Monday, April 12, 2021
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HomeBank CapitalRemarks by World Bank Group President David Malpass at the Human Capital...

Remarks by World Bank Group President David Malpass at the Human Capital Conclave

Thank you Mamta.

I’m pleased to be with all of you this morning to discuss the importance of ‘Investing in Human Capital for a Green, Resilient, and Inclusive Recovery’ from the COVID crisis.

As Mamta briefly laid out, COVID-19’s impacts on human capital has been extensive in all countries of the world and unless these are addressed urgently, there is a risk that some damage will become permanent.

In opening this Conclave, I would like to highlight three important measures for your reflection:

  • First, investing in people;
  • Second, efficient expenditures and good governance; and
  • Third, freed up fiscal space.

Let me start with investing in people: In the short run, countries should work to protect people who have suffered disproportionately during the pandemic. Priority areas include making sure that students, especially girls, can go back to school, that people with health issues other than COVID can access healthcare, that young children are properly nourished, and that people who lost jobs and income earning opportunities can get back on their feet.

Over time, countries will need to address their long-standing deficits in human capital accumulation. For example, regarding education, countries will need to find ways to enroll some 258 million children who were out of school before the pandemic. Most of these out-of-school children were girls, and we can’t leave them behind.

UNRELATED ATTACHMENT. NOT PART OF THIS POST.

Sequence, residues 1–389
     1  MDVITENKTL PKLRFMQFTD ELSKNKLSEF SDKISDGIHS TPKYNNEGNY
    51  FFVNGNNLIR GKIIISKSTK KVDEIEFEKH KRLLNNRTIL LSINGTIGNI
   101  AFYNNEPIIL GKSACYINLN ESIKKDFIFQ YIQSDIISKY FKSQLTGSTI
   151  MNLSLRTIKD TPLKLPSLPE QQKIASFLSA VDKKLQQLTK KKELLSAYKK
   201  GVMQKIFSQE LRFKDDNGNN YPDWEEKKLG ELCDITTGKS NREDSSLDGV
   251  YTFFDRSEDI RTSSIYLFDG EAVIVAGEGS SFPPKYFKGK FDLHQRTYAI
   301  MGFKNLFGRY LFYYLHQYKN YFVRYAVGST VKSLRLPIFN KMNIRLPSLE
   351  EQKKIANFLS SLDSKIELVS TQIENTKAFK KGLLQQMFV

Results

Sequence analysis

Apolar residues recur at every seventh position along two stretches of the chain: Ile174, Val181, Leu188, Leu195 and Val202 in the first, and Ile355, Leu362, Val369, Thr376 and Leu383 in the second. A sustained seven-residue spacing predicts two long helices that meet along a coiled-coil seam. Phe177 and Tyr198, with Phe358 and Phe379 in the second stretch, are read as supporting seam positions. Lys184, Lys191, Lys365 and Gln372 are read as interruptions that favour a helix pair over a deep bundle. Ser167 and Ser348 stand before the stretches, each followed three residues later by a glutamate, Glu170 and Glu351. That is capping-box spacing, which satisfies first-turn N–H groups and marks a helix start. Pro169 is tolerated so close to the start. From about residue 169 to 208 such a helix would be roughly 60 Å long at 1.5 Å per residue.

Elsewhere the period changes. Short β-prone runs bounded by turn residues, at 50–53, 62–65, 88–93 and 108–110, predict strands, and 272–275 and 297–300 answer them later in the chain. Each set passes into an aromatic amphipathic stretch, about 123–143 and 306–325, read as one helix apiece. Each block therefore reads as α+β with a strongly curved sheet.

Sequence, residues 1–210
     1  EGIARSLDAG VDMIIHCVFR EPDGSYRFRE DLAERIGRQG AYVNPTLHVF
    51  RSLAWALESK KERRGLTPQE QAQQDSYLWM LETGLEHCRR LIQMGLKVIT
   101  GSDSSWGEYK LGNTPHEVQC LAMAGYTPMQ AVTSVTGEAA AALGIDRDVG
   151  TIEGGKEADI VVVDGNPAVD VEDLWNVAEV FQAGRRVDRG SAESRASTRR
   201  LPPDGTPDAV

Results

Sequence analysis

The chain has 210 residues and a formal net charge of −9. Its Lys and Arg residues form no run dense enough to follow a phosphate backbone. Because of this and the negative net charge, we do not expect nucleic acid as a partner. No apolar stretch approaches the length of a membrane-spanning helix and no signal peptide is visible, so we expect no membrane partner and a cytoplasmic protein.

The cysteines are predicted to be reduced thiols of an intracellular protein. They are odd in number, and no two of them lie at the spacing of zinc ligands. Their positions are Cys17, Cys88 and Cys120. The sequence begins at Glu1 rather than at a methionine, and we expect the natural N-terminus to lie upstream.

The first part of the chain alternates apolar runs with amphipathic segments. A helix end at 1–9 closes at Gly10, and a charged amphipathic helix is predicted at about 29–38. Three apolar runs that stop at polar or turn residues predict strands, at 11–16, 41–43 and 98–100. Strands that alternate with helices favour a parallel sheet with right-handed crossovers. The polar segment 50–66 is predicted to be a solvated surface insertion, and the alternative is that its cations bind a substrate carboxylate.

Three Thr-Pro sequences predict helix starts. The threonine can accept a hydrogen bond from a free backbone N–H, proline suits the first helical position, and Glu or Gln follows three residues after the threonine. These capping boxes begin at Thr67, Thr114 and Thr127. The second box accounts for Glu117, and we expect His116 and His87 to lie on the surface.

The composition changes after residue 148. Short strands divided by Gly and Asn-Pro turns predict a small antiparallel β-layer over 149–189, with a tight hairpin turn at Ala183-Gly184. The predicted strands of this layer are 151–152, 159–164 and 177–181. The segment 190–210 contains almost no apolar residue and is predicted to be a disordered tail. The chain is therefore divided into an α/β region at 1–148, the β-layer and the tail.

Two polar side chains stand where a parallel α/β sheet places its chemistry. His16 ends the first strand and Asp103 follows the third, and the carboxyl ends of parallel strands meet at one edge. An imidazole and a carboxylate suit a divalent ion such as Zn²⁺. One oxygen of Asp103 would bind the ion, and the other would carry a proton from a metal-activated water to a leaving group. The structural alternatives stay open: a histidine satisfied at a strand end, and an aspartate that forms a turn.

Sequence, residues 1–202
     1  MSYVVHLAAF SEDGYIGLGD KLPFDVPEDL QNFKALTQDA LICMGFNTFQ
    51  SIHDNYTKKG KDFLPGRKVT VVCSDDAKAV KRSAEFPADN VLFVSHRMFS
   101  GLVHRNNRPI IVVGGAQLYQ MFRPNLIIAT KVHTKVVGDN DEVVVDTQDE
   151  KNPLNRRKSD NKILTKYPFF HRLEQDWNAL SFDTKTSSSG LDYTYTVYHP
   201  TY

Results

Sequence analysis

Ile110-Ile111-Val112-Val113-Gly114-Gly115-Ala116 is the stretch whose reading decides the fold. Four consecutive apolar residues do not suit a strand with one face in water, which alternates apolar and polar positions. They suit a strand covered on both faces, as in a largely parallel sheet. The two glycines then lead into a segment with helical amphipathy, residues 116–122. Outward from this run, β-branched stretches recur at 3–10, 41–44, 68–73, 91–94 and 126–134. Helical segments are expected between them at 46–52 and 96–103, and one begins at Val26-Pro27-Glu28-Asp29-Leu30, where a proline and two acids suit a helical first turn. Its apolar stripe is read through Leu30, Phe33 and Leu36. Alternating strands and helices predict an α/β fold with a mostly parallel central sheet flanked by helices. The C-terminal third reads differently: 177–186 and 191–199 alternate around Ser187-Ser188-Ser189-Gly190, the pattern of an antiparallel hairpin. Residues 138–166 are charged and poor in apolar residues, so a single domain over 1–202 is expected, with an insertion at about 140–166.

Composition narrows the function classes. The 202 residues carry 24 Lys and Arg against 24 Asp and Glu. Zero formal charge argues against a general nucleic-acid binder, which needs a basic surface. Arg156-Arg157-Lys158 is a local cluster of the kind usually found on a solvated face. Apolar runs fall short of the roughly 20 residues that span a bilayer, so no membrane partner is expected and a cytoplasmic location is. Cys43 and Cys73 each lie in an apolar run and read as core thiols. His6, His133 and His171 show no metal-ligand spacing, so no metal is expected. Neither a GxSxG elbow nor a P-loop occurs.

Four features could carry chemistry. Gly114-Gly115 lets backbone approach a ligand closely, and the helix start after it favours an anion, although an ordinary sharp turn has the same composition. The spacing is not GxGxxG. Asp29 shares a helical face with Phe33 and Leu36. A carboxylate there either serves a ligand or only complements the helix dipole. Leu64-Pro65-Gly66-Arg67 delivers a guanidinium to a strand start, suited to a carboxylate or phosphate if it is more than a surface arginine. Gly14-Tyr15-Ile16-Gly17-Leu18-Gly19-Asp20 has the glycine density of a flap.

Turning to my second point, the importance of efficient expenditures and good governance to optimize value for money.

In most cases, achieving these human capital priorities will require actions from more than one sector. High-level leadership and effective coordination will be required to avoid fragmentation of spending across sectors.

With the advance of technologies, we can reimagine how government services can be delivered, in a ‘people-focused’ way.

A technology platform could help government target people in need of help that traditional instruments have not been able to identify, such as migrant workers in India. Tools such as digital ID and mobile payments could open access to credit, land and cash benefits to the marginalized, including poor women and their families.

Let me turn to my third and last point – how to secure resources for human capital priorities. Perhaps one of the most acute challenges facing countries today is to find enough fiscal space for priority public spending, especially for human capital investments.

Many countries will have to go through a painful period of fiscal consolidation and will need to do so with careful rebalancing of the need to achieve a sustainable fiscal posture, which is important for long-term…

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